Capitalism Poisoning Pride Month (Opinion)

Bridget Mulroy
Pride Month has taken on a new meaning.(Unaihuiziphotography/iStock)

To anyone and everyone observing Pride Month, Happy Pride Month!

In 2022, not every obstacle for gay, lesbian, bisexual, or transexual person has been overcome. Triumphs made over recent decades within the community – now recognized as the LGBTQ+ community – allow more people who identify with this community today to live comfortably in their skin.

As time passes, more obstacles and hardships within the community present themselves, but the community has grown to become more inclusive of existences outside of heterosexuality.

After many years of fighting for equality, the entire month of June – and anything rainbow – has become commercialized. People within the community feel extorted as that has nothing to do with what they're standing for during June.

Of course, the marketing strategy is solid, but is it fair to the individuals who fought and died for the freedoms LGBTQ+ individuals have today?

As of this week, Fee Stories seems to think the commercialization of Pride is a good thing since recognition is given to the community for an entire month, regardless of outsiders’ religious or political views.

For the right reasons? It is great to see brands, corporations, and small businesses unite with a cause, without a doubt, but the intent behind their campaigns comes into question. Instead of advocating for the cause, they’re discounting their products and putting rainbows and pride flags all over to attract people and make sales.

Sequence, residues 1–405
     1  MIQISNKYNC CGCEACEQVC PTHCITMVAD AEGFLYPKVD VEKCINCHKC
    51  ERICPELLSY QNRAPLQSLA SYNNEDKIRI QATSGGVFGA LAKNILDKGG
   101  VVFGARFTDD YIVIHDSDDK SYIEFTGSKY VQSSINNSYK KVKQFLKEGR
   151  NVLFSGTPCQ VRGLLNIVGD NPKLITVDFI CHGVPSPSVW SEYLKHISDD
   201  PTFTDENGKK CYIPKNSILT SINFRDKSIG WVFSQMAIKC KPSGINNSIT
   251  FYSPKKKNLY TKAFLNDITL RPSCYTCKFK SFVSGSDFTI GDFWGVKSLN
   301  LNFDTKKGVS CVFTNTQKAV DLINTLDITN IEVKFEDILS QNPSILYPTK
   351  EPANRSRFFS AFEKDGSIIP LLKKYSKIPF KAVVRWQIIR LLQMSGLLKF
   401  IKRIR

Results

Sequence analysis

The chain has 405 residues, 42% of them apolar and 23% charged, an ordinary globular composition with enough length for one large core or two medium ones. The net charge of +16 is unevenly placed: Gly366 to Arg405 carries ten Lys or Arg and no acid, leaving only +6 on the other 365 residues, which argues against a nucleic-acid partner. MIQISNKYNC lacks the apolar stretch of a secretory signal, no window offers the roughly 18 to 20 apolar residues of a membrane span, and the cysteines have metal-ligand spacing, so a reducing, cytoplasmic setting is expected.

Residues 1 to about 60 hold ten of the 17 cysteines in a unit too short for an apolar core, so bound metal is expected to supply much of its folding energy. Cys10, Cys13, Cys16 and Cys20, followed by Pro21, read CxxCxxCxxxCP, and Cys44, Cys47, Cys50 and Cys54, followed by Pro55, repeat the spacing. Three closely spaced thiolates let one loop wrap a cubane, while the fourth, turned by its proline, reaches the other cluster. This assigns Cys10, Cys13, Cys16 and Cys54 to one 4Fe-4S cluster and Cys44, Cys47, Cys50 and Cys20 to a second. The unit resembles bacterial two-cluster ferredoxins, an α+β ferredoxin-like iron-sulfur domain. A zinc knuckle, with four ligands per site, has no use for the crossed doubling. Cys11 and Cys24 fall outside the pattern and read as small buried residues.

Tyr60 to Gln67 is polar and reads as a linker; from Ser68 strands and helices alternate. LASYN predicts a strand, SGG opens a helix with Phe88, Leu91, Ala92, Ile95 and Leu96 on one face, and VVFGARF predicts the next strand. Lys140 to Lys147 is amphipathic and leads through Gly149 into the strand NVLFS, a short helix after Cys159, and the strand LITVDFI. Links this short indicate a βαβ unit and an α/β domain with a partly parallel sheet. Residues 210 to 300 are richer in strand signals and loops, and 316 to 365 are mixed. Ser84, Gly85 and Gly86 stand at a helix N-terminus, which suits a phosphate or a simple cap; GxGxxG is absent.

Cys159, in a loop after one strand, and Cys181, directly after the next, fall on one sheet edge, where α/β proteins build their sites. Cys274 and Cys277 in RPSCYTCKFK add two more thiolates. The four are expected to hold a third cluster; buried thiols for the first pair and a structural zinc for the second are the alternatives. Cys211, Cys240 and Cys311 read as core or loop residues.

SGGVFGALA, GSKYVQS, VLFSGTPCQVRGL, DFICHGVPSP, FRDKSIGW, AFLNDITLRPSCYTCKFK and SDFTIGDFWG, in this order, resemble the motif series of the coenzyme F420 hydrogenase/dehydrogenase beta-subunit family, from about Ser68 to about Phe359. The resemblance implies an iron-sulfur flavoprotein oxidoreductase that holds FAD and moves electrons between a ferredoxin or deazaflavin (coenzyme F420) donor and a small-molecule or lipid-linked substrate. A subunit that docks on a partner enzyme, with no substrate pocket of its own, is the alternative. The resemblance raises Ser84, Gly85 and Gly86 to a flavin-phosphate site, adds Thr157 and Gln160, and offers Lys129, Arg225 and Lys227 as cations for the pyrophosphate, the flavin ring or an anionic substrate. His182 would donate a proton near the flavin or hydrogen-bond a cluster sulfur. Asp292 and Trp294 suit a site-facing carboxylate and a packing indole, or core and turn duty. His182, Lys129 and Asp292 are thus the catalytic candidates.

Bring on the parades and marches for equality. A lot has been accomplished within the community using those tactics alone.

The first Gay Pride March was in New York City in 1970. The first March commemorated the Stonewall Riots which had occurred the prior year.

In the 1960s, it wasn’t unheard of for police to raid venues where people who identified with the LGBTQ+ community hung out. In June 1969, people at the Stonewall Inn of New York City resisted the police brutality, and four nights of riots ensued. Both police officers and protestors were injured.

Now, Pride Month has become a branded holiday, according to Vox, which explains how the holiday became so commercialized.

“Take, for example, Adidas, which has a special section of its site called the 'pride pack' selling rainbow merchandise to honor Pride Month. But it’s also one of the major sponsors for this year’s World Cup, which takes place in Russia, a country with anti-LGBTQ laws that make it unsafe for fans and athletes. That contradiction throws into sharp relief the emptiness that can lie at the center of corporate gestures of 'support' for the LGBTQ community,” Vox says.

Fee attributes Pride promotion in June to consumer culture surrounding holidays. This concept is not farfetched since people do buy cards and flowers for Valentine’s and Mother’s Day, toys during the holidays, etcetera.

Unfortunately, breaking the cycle will be hard – like remembering to bring your bags into New Jersey shops that no longer provide plastic bags to consumers – but it is possible. 

Not buying into the Pride Month gimmicks and vetting small businesses for their intent behind the cause is the best way to make sure Pride Month receives the recognition it deserves.

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Hi, I’m Bridget.👩🏻‍🔬 I write about geology & botany... rocks & plants. 🪨🌱🌋

New York

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